KUALA LUMPUR: The overall wellbeing of children in Malaysia has improved tremendously in the last 20 years, said UNICEF Representative in Malaysia, Wivina Belmonte (pic).
She said by acceding to the Convention on the Rights of the Child, the Malaysian government had made a legal commitment to invest in the wellbeing of its children and the results of the investment were seen today.
“Twenty years ago, Malaysia acceded to the convention, the world’s most widely ratified human rights treaty.
“Thanks to the efforts of the government and stakeholders including civil society, the private sector and members of the public, the overall wellbeing of children in Malaysia has improved tremendously,” she said in a statement here yesterday.
Belmonte said almost all children had access to education and significant improvements had been made to the child protection system, including the development of a national policy on children and national child protection policy as well as action plans for each.
This year, the Social Workers Bill, which has far-reaching positive effects on the protection of children in Malaysia, is expected to be tabled in Parliament, she added.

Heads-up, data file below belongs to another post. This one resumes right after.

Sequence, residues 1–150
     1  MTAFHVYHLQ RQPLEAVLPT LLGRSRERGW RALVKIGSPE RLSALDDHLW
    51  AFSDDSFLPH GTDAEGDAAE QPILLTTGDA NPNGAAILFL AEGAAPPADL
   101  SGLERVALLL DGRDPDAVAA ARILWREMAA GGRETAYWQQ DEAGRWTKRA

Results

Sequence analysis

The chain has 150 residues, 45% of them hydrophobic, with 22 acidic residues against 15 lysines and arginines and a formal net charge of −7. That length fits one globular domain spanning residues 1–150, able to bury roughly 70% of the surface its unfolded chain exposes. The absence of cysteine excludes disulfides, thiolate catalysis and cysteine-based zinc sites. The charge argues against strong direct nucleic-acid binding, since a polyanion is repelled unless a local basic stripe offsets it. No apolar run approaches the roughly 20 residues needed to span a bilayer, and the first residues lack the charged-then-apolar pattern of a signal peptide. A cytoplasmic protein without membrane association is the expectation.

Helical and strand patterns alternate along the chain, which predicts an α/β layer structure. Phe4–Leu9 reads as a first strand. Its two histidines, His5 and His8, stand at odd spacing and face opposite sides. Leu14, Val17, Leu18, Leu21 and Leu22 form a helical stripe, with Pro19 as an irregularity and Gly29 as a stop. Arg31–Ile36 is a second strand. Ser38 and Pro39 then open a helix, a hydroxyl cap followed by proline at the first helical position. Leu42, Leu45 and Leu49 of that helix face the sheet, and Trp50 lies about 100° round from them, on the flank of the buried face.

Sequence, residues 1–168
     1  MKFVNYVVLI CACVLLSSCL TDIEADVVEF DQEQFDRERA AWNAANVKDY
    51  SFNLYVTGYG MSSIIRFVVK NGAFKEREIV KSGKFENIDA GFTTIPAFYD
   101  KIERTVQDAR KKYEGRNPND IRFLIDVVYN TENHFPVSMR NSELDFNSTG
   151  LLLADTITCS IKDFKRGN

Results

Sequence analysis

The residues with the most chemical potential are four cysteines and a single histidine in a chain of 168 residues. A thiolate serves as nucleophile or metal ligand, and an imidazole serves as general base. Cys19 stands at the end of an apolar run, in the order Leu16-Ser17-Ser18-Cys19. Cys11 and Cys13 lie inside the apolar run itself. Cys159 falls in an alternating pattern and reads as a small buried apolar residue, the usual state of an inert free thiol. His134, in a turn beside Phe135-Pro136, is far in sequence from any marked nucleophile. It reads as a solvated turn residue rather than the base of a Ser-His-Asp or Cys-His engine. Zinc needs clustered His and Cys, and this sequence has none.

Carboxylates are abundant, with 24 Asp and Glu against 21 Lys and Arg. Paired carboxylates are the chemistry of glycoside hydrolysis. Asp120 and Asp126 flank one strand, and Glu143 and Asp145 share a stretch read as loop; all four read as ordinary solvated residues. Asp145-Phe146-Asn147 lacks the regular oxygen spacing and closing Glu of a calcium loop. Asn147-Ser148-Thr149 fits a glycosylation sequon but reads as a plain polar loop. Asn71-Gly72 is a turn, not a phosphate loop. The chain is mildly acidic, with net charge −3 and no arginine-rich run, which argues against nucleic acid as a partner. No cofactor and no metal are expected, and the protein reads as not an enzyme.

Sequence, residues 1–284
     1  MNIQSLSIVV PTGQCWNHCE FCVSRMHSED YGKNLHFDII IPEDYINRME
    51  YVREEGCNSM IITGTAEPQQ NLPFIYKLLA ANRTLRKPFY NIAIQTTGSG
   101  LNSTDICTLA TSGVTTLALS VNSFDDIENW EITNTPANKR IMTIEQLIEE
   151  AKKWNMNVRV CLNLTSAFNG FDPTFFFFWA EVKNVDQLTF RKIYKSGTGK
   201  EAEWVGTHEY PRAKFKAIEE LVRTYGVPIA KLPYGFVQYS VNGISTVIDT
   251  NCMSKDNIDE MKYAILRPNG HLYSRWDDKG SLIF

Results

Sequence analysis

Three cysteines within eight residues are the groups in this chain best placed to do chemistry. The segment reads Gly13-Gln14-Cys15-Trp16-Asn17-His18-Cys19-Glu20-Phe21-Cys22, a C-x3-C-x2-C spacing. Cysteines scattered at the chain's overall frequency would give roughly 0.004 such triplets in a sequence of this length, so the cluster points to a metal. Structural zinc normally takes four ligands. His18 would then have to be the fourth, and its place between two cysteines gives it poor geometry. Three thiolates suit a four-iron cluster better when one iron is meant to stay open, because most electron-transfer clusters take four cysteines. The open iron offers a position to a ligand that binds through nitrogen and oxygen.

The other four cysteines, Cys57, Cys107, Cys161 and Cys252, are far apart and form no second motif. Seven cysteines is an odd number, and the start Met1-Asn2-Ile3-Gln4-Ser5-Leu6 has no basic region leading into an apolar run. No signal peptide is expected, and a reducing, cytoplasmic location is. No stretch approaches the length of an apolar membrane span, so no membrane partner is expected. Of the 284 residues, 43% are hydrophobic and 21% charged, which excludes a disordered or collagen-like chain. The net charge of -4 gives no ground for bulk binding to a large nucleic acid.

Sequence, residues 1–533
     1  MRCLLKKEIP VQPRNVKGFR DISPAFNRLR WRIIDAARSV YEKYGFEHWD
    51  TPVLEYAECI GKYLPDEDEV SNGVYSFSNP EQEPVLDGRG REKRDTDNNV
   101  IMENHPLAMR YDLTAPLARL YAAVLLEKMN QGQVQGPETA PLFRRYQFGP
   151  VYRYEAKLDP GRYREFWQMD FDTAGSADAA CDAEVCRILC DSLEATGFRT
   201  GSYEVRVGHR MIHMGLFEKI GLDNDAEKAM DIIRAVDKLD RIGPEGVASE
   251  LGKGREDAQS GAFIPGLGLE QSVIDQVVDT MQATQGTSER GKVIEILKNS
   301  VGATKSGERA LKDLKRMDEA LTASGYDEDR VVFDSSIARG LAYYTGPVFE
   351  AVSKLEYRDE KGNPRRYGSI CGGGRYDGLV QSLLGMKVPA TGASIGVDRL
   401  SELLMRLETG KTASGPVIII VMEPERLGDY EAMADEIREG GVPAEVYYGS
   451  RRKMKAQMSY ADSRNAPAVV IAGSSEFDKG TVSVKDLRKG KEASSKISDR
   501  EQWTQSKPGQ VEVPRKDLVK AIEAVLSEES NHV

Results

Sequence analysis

“This is also a time to see what more can be done, especially for the most marginalised and vulnerable children in the country who are still left behind in terms of education, health, digital divide and protection,” she said.
She said some of the areas that needed continued attention included efforts to systematically strengthen protection networks for children and young people, including addressing gender violence and safety.
“Malaysia enacted the Child Act in 2001 with provisions based on the principles of non-discrimination, best interest of the child, the right to life, survival and development, and respect for their views.
“Unicef lauds the recent proposal by the Ministry of Women, Family and Community Development to draft amendments to the current legislation. This emphasises the role of children in society, not just as members but also as stakeholders.”. — Bernama